Pompeii doesn’t just have human bodies
One of the unique things about Pompeii (at least as far as its inhabitants go) is that it shows off a true cross-section of Roman society. There are bodies of infants just as there are bodies of the elderly; there are the remains of the stinking rich, surrounded by jewelry and coins, just as there are those of the poor, who fled Vesuvius without a single possession to whatever their name was.
There are slaves, gladiators and aristocrats. And, as you’d expect from a fully functioning town in the middle of the countryside, there are the remains of animals: specifically a small boar and a dog.
The dog is particularly disturbing. The cast captures it writhing in its last moments of agony as the pyroclastic flow thundered down the volcano, incinerating everything in its path. Strangely, CT scans have revealed it to be a dog without a bone—without any bones in fact. In their attempt to explain this, archaeologists have (rather obviously) suggested that the bones were removed from the cavity prior to the plaster being poured in. Why, however, remains a mystery.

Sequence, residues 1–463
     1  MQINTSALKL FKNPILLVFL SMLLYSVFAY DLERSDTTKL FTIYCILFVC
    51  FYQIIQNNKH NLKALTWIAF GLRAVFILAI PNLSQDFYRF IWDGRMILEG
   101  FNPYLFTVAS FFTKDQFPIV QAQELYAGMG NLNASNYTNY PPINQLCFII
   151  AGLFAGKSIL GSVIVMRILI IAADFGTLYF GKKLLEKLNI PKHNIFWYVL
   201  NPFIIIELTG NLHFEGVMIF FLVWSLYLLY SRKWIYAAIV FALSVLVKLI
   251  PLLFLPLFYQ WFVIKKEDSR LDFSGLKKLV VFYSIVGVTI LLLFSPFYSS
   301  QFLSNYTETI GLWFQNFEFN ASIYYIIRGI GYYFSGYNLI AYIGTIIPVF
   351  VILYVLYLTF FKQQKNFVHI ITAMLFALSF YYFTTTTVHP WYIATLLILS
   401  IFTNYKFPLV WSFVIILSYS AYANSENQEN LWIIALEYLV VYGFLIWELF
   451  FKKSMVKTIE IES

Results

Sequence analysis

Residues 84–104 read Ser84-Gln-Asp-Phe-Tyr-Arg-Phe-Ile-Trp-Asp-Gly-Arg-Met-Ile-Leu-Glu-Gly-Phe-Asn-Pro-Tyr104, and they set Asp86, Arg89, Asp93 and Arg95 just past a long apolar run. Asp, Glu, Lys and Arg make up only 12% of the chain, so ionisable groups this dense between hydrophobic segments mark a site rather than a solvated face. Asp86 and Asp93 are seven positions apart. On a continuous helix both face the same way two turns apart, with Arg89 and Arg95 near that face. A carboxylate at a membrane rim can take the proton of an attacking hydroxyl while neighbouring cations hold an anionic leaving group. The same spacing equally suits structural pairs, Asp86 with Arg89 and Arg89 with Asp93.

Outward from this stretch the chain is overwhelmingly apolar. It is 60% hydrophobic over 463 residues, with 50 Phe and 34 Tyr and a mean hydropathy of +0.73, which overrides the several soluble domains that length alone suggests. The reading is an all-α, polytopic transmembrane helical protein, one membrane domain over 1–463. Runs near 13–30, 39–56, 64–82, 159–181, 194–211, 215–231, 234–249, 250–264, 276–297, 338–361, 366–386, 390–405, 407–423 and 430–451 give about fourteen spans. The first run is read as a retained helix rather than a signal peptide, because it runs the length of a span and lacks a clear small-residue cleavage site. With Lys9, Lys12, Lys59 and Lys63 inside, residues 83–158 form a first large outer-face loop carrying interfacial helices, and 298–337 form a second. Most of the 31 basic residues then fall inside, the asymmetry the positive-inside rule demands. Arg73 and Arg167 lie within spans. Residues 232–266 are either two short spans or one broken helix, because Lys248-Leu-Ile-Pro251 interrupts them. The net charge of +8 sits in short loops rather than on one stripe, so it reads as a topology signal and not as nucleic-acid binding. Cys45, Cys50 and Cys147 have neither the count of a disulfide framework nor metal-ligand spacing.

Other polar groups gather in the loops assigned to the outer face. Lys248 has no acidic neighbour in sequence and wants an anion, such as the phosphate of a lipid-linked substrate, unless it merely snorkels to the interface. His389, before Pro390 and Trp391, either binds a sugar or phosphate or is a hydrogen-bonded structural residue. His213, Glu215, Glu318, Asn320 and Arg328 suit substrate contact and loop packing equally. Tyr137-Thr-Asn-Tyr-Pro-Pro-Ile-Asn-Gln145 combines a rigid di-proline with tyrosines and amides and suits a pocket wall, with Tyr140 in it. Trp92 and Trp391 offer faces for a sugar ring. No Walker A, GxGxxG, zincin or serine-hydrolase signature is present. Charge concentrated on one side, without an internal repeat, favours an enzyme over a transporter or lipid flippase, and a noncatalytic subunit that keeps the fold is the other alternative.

Pompeii’s canine legacy doesn’t end here. One of the main attractions when you visit the site is the cave canem mosaic; a sign at the entrance of the House of the Tragic Poet that, when translated, gives us our first ever example of “Beware of the Dog”. And that’s not all. Visit Pompeii today, and you’ll find packs of strays mulling around the city, lured here by the promise of scraps donated by generous tourists. Unlike the tourists, these are the only living creatures in the vicinity blissfully unaware of the tragic fate of their ancestors.
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